JUST two years ago Cheltenham Racecourse was heavily criticised for having too many people at the Festival.

In the post-pandemic year of 2022, there were a record 280,000 people at the four-day meeting and this included sell-out crowds of almost 74,000 on both Thursday and Friday.

Shortly afterwards Cheltenham announced it was capping the crowd at 68,500 in future and prices went up accordingly.

In 2023 the total attendance dropped to 240,000 (from a maximum capacity of 274,000) and now this year it fell again to 230,000. So what has gone wrong?

There has been no shortage of people coming forward with reasons to explain the drop in numbers.

Obviously the ticket prices are an issue for many, as well as the cost of food and drink inside.

Already Cheltenham has announced its ticket prices for 2025 and they are the same as this year. It’s £86 each day for a Club badge (£102 on Gold Cup day) if you book now, rising to around £120 after May 17th. Children over the age of seven, I think, must pay full price.

Compare that with a €50 two-day ticket for the Dublin Racing Festival!

If you can afford it, the best value option may well be an annual badge. The price of £600 may seem eye-watering but it works out very well if you use it for the three-day November meeting and maybe one other meeting in October, December or January. There are a few perks thrown in and it’s worth considering.

Inside, a pint is £8 and a burger is likely to cost you between €10 and €13. Arguably this is in line with other sporting venues. The bar queues are too long though, so the annual badge is a winner here as you can use the members’ bar.

Parking problems

Annual membership also includes a parking space, but, as you probably saw last week, there were big problems in many of the car parks due to rain. Cars were stuck in the mud and there were reports of many drivers having to pay private entrepreneurs £30 to be pulled out by tractor.

If you had paid £20 for the parking space, then that definitely was not good enough. It is reasonable to expect the racecourse to have a responsibility for getting your car out without problems or refunding you. Trainer Kim Bailey was among those to criticise Cheltenham over this issue.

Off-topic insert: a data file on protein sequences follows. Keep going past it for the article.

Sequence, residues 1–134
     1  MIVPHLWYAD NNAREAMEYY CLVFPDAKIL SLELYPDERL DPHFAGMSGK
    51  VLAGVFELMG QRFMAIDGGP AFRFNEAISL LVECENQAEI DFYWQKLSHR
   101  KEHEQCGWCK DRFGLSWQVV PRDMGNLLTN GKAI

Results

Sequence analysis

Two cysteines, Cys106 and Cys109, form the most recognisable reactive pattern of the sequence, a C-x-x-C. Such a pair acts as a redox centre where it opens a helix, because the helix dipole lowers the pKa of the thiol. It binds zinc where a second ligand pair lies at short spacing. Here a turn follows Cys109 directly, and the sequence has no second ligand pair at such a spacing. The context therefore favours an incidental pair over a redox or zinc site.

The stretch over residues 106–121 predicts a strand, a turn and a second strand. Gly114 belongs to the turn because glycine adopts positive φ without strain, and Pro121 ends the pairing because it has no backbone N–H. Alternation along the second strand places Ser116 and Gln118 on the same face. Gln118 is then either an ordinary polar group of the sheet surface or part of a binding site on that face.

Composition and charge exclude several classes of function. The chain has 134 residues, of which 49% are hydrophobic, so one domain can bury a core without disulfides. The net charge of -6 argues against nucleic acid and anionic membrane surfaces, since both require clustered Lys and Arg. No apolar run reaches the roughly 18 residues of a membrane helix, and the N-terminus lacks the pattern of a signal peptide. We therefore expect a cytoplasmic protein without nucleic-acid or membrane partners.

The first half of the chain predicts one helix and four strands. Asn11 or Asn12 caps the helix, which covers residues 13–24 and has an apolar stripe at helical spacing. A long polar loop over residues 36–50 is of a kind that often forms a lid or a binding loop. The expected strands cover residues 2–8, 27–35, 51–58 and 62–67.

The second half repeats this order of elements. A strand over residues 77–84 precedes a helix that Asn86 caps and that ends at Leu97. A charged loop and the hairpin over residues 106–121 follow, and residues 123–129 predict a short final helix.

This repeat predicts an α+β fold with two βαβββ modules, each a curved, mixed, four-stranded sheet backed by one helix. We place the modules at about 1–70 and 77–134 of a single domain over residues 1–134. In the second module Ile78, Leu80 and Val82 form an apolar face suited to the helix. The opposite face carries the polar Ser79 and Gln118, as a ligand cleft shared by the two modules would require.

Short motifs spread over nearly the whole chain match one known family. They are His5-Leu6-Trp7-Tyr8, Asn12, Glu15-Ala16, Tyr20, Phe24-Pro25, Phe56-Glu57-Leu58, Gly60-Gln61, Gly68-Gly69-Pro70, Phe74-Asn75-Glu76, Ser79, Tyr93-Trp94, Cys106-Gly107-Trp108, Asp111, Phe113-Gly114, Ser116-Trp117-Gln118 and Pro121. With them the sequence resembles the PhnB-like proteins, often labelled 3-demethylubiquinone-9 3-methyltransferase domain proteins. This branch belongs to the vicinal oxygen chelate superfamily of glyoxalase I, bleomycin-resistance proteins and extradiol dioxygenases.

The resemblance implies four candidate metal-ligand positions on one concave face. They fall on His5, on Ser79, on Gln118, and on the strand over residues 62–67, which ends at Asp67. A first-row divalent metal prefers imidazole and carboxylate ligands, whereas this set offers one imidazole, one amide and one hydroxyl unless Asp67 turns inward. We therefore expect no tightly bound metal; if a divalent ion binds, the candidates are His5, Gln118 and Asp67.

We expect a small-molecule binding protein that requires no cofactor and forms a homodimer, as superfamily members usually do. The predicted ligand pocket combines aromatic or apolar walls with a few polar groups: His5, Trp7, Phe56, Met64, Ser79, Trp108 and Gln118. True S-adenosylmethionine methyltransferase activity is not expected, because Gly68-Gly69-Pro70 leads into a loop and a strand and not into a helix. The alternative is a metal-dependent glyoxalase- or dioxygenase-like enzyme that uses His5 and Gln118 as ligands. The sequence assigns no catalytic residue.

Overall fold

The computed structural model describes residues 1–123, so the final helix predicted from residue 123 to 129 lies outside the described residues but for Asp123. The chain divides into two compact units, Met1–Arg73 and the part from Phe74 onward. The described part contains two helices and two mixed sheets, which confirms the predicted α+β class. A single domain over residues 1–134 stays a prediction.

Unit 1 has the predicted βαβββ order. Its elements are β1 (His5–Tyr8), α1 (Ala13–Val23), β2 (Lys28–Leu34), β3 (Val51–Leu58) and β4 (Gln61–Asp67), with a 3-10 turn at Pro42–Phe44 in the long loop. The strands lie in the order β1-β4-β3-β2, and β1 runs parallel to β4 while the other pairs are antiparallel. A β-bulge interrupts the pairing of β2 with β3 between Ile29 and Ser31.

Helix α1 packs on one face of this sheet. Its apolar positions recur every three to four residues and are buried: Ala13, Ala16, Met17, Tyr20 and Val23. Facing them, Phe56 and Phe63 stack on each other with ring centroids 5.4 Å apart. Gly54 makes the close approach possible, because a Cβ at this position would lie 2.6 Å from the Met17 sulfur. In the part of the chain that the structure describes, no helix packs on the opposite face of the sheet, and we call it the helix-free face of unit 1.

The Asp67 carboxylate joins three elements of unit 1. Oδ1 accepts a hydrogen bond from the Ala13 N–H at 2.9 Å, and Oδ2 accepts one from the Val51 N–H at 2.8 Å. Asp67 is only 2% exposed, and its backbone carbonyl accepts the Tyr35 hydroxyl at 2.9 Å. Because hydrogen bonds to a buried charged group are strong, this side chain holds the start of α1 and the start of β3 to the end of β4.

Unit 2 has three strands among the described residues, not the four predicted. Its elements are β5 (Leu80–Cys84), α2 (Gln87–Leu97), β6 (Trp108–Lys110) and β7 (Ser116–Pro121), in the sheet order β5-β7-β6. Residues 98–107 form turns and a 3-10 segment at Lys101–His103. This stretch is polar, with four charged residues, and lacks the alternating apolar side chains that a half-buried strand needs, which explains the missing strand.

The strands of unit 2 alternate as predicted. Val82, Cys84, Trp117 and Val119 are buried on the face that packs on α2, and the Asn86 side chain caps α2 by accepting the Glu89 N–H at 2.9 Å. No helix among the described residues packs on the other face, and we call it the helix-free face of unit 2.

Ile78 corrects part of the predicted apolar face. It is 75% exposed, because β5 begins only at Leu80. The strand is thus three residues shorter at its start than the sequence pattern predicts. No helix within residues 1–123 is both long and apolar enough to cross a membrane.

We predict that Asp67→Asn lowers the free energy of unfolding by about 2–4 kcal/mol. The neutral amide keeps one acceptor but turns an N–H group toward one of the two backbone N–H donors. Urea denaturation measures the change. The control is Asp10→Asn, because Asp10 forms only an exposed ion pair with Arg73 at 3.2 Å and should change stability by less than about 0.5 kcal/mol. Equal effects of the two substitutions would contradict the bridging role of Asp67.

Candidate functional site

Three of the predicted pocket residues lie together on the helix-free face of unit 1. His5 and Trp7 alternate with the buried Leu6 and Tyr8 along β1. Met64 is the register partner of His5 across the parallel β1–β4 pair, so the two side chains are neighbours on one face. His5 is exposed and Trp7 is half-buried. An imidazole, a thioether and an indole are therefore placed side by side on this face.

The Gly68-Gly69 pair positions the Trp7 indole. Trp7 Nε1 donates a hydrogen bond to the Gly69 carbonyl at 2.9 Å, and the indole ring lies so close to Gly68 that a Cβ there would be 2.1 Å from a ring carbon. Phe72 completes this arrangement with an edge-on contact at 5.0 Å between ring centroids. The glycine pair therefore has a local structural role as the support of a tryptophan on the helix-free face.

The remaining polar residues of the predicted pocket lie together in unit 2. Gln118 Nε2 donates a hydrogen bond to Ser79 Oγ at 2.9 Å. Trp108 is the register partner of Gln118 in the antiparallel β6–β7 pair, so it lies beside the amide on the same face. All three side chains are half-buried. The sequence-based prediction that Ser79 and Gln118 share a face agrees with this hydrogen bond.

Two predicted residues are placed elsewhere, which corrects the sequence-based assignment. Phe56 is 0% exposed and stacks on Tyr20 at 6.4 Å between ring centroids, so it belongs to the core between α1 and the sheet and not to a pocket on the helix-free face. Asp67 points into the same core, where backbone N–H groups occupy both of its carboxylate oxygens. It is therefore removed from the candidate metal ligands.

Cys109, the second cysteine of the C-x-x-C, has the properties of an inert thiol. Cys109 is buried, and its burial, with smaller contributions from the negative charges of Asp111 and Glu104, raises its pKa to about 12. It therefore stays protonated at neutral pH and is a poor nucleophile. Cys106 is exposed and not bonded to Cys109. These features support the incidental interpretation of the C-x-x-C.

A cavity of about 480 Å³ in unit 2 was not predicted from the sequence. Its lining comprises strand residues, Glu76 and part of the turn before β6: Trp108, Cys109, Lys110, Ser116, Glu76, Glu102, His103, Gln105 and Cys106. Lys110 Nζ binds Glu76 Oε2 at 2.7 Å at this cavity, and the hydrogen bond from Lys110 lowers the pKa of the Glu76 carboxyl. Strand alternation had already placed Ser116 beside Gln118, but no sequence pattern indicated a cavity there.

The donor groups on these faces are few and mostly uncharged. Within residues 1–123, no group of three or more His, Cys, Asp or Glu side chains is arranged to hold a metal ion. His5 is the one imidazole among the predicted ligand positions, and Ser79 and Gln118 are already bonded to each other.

What Cheltenham cannot control is accommodation prices. Hotels in the area are trebling their prices (at least) during the Festival. As a result many visitors have been forced to stay further away from the town, with the result that the town centre is now much quieter in the evenings than before.

It seems quite a few British regulars have stayed away altogether and are enjoying the Festival from the Spanish resort of Benidorm on the Costa Blanca. Search social media platform X for ‘Cheltenham Benidorm’ to see hundreds of holidaymakers slurping beer by the pool while watching the races on a giant screen. It might sound good but I suspect any half-serious racing fan would consider it hell!

At least the Benidorm barmy army didn’t have to be searched on the way in or deal with the very big number of security/racecourse officials who are very good at telling you where you can’t go but often don’t know where you should be or how to get there.

This issue was discussed by Nick Luck and Dave Yates on Nick Luck’s podcast this week, with the host wondering if this apparent increased level of security is related in some way to last year’s Animal Rising protests at Aintree and Epsom.

Before we get carried away sticking the boot in, we should note that Gold Cup day was a sell-out again this year, so demand is still high and Cheltenham is obviously getting a lot of things right.

They just need to show some goodwill to racegoers between now and Christmas. A gesture to those regulars to say ‘we know we have to do better – stick with us’. It wouldn’t take much to fix it.

Maybe offer them a free ticket to a fifth day at the Festival. That should keep everyone happy!